In this three-part blog, which may be one of the more important I have written in several years, I will first try to summarize the remarkable overlap in what Sasse and I (and many of you) believe is needed in transforming our system of education.  In the second installment, I will dig into what I believe are critical flaws in Sasse’s argument, which, given the thesis of his book, I hope he will appreciate.  Third, I will try to add to his conversation about the role education must play in rebuilding “the center” in a time when powerful forces are tearing that center apart.

Core Areas of Agreement

The core thesis of Sasse’s book is that he believes that our children are fundamentally ill-prepared for the challenge of carrying on the Great American Experiment, one which we both believe is not only unique in human history, but may well be critical to solving a range of existential global problems.  And we both believe that our current system of education is fundamentally ill-suited to improving this necessary preparation of the next generation.

At the core of our agreement are several key elements. First, unlike many other politicians from both dominant parties, Sasse is willing to not only say that “our kids are not ready for the world they are soon going to inherit”, but he is willing to argue why, and to offer potential solutions. I don’t agree with all that he says—not by a long shot. But at the heart of Sasse’s writing is an apparent willingness to enter into debate predicated on where we agree, rather than into fractious battles centered on where we do not.  This attitude lies at the center of what my famous uncle, Roger Fisher, founder of the Harvard Negotiation Project, titled “getting to yes”.

Second, we agree that our nation and our world are facing truly complex, probably unprecedented challenges, and that “all of the proposed solutions to address these (existential) problems are meaningless, though, if we lack an educated, resilient citizenry capable of navigating the increasing complexities of daily life.” Sasse cites at least some of the “many urgent national problems—from health care to immigration, from cybersecurity to new job creation”, while unfortunately leaving several other enormous issues to the side: climate change, income inequality, universal civil rights, and the national debt should be on his list.

Sasse argues that, for the last 150 years, institutionalized school has replaced family, work, church, and other social relationships as the primary way our children spend their time and learn, as opposed to learning from their parents, in a job, or with and from other sources in their communities. In other words, as so many of us have identified, and as I describe as the first lever in Moving the Rock, we have artificially separated “school” from “world”, to the detriment of our children and the greater society. What Sasse does not credit in this regard is that, fortunately, we find examples where schools and districts have started to bust through this artificial boundary, where school is becoming, as I have often said, “where we meet, not where we learn”. It is in these school systems where we already find the formula of the future.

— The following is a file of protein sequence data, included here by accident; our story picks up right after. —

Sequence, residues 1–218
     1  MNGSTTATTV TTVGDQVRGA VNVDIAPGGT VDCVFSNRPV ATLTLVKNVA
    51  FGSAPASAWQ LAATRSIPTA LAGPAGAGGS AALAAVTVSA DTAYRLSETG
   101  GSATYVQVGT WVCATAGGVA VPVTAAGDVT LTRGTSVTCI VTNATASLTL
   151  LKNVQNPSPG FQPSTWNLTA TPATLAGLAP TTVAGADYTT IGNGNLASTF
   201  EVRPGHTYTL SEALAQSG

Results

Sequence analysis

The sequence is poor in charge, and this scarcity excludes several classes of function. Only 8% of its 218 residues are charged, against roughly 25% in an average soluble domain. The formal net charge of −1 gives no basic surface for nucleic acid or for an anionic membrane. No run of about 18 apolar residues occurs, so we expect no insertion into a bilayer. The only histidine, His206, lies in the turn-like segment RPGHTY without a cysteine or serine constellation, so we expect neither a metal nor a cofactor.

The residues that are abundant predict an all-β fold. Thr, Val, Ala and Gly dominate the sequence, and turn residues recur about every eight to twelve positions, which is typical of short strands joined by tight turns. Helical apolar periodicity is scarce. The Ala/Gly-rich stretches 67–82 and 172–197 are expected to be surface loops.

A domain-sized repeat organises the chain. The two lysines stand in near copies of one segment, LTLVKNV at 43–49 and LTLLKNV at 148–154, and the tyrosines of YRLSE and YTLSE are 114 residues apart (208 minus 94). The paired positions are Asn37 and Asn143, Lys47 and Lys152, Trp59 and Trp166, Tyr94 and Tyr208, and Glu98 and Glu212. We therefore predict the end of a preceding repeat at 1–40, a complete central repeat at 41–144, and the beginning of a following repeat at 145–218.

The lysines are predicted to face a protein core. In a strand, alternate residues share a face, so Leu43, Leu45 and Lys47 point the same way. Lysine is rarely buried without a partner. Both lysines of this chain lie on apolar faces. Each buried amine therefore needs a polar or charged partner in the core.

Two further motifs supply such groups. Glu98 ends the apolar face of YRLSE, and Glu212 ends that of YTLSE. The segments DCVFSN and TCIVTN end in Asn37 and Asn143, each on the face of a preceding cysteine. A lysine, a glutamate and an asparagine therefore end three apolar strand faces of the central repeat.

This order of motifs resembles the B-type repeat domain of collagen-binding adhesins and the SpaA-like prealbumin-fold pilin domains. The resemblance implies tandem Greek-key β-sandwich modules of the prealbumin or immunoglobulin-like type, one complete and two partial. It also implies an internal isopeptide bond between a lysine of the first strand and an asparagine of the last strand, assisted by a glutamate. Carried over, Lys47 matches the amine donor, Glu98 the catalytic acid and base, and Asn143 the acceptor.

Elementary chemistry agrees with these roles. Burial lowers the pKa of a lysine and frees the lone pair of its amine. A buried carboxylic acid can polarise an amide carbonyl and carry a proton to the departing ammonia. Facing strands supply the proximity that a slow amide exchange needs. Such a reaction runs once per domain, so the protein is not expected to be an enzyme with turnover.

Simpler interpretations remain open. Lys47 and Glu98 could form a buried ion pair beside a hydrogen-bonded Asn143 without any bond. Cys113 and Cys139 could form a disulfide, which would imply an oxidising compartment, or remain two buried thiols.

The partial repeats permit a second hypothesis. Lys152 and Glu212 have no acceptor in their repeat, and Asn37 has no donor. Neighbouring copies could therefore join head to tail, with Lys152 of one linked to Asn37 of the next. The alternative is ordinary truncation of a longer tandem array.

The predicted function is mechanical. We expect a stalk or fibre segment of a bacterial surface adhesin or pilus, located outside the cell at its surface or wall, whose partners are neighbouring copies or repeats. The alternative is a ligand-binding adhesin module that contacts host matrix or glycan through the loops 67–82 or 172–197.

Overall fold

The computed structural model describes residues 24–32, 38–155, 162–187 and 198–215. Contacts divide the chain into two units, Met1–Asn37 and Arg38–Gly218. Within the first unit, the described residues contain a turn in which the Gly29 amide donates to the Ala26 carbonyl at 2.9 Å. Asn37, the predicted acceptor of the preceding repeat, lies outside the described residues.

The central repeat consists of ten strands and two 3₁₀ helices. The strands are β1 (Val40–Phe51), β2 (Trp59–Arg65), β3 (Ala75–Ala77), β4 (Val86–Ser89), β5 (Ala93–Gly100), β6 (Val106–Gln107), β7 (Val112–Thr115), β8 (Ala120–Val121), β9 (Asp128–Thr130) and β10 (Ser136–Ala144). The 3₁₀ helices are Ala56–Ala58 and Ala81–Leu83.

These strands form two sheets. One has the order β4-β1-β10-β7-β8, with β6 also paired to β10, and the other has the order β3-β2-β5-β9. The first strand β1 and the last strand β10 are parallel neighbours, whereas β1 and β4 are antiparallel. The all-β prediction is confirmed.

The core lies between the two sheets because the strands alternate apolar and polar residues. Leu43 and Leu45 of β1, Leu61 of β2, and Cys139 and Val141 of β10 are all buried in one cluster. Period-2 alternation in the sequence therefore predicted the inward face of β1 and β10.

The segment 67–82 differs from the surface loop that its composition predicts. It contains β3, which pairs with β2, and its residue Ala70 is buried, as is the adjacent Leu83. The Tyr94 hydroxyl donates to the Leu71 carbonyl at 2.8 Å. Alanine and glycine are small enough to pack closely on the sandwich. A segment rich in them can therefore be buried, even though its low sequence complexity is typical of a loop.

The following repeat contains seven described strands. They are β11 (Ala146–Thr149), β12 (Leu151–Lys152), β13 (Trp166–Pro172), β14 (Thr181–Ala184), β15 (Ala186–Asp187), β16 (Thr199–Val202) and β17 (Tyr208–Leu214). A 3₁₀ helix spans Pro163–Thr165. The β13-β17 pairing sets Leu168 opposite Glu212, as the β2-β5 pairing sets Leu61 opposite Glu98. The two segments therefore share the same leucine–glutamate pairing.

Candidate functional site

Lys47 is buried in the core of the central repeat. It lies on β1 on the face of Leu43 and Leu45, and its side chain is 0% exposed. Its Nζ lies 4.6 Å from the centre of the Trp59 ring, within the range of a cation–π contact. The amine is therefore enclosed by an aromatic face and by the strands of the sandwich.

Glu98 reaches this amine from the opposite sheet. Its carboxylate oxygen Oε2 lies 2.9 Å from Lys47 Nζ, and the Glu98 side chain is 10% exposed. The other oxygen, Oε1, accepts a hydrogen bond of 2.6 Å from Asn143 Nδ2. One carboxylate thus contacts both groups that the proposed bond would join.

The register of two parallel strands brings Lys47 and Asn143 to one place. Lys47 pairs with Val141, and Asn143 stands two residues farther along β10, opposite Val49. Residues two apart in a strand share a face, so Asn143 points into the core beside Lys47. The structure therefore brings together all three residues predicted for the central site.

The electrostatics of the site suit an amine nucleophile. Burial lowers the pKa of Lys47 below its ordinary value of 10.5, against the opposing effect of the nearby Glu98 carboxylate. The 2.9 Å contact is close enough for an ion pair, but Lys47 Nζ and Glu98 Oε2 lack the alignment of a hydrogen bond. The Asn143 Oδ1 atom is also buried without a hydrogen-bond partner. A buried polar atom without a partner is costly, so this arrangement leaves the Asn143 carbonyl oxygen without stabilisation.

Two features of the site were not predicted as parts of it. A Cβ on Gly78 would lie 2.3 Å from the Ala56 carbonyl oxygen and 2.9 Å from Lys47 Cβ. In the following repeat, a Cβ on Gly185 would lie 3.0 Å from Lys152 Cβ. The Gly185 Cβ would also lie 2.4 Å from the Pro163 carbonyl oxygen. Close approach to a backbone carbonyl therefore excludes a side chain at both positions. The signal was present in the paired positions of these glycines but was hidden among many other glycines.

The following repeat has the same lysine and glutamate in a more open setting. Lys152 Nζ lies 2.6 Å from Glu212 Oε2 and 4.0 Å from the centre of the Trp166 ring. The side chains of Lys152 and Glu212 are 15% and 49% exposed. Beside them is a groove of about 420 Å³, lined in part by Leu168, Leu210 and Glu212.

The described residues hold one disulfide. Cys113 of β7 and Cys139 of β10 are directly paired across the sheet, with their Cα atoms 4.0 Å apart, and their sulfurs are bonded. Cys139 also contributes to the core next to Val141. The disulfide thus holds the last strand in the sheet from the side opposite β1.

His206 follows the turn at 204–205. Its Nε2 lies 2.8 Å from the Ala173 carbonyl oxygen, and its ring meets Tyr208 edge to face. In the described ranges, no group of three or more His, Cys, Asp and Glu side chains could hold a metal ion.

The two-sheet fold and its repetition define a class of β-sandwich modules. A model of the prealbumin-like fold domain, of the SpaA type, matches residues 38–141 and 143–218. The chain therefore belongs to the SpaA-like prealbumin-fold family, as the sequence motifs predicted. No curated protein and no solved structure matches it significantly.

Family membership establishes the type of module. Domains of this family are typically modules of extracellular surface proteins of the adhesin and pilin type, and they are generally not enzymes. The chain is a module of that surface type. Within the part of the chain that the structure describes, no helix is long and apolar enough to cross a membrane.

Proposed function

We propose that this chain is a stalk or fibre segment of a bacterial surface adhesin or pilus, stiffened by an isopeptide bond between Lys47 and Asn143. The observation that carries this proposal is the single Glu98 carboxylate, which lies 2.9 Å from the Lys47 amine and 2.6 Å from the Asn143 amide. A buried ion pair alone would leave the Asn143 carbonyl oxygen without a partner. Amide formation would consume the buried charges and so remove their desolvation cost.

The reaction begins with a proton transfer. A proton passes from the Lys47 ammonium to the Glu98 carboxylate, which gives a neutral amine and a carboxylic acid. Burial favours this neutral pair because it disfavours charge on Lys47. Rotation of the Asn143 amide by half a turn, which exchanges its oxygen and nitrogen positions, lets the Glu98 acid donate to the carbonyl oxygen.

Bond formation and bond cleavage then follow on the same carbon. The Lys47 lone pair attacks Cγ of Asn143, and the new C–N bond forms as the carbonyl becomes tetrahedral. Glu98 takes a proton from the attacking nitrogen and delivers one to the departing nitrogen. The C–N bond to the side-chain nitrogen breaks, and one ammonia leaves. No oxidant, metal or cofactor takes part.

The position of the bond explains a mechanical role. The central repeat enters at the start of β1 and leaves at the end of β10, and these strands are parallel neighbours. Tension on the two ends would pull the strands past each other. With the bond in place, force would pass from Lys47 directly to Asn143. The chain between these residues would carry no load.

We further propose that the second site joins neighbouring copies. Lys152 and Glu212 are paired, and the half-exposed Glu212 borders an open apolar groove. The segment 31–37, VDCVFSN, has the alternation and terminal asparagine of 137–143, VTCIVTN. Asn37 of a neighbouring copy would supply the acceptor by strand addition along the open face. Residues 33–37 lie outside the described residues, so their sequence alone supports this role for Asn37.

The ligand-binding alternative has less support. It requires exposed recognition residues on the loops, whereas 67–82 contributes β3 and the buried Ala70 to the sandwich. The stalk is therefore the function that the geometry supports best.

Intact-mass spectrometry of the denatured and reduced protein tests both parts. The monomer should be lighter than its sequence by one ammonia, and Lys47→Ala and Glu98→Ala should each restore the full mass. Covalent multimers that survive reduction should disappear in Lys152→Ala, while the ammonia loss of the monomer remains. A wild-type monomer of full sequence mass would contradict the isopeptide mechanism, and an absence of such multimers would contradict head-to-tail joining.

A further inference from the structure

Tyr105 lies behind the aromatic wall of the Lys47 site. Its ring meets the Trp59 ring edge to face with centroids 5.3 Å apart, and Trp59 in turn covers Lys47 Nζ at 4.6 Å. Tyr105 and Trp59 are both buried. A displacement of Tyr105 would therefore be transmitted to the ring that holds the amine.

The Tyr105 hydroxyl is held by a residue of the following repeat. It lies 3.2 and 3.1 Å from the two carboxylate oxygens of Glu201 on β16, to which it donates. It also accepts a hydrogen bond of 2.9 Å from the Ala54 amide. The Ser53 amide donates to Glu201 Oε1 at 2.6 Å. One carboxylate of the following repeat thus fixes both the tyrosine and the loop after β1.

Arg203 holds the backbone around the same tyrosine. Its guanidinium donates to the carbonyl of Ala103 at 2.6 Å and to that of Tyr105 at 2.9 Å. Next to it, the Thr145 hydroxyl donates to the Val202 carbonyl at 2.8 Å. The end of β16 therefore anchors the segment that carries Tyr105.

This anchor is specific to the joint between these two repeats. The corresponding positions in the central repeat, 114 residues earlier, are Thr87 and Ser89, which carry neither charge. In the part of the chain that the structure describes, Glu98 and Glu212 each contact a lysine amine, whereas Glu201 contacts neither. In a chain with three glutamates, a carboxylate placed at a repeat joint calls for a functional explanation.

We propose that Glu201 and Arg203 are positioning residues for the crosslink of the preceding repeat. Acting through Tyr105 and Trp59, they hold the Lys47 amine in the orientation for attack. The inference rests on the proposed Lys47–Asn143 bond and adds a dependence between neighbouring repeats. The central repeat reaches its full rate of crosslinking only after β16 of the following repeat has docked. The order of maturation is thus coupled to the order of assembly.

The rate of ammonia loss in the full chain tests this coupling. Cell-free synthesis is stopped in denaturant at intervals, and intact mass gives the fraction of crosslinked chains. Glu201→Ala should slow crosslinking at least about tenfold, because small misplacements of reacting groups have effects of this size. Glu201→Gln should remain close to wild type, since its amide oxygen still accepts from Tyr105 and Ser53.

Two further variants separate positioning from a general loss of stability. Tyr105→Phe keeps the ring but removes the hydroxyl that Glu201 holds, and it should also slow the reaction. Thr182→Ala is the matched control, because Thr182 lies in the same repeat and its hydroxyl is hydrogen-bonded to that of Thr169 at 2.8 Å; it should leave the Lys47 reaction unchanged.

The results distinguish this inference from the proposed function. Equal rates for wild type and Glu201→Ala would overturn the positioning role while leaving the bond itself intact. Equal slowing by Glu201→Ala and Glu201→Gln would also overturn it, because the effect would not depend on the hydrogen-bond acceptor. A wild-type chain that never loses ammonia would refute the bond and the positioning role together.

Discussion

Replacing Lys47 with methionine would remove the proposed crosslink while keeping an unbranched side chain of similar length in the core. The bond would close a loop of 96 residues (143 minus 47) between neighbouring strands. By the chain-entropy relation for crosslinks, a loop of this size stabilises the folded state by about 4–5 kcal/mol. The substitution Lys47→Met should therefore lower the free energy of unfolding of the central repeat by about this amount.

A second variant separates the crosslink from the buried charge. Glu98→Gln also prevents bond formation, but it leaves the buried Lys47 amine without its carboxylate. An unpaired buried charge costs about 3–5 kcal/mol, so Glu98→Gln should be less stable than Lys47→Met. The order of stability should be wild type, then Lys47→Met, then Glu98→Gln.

Sasse and I both see a rising generation that is often ill-suited to hard work; focused on consumption rather than production; lacks understanding of history, geography, and the civics that are basic requirements of a successful democracy; are frequently unable to separate fact from fiction; rely on technology rather than their own intellect to get through much of daily life; and spend a tremendous amount of time in school learning things that are of marginal value in the real world.  The difference between us, at least from what Sasse writes in the book, is that he sees these as universal traits of the young generation, while I, in my travels and many school visits see a much broader landscape, with examples of school promoting the opposite of all of these shortcomings poking up with increasing frequency.

Some specific areas of the education system that Sasse cites in his book resonated particularly with me: